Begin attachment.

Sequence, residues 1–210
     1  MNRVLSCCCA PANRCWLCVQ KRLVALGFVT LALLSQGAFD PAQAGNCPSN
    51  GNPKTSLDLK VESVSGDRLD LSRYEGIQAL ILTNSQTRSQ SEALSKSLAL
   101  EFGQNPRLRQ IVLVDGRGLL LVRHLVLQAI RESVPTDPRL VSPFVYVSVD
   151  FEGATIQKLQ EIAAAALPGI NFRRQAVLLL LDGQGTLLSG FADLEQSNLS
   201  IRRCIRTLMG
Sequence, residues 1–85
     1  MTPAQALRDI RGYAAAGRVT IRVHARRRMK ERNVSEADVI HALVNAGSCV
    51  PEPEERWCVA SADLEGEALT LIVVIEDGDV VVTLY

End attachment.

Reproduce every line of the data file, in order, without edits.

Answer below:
Sequence, residues 1–210
     1  MNRVLSCCCA PANRCWLCVQ KRLVALGFVT LALLSQGAFD PAQAGNCPSN
    51  GNPKTSLDLK VESVSGDRLD LSRYEGIQAL ILTNSQTRSQ SEALSKSLAL
   101  EFGQNPRLRQ IVLVDGRGLL LVRHLVLQAI RESVPTDPRL VSPFVYVSVD
   151  FEGATIQKLQ EIAAAALPGI NFRRQAVLLL LDGQGTLLSG FADLEQSNLS
   201  IRRCIRTLMG
Sequence, residues 1–85
     1  MTPAQALRDI RGYAAAGRVT IRVHARRRMK ERNVSEADVI HALVNAGSCV
    51  PEPEERWCVA SADLEGEALT LIVVIEDGDV VVTLY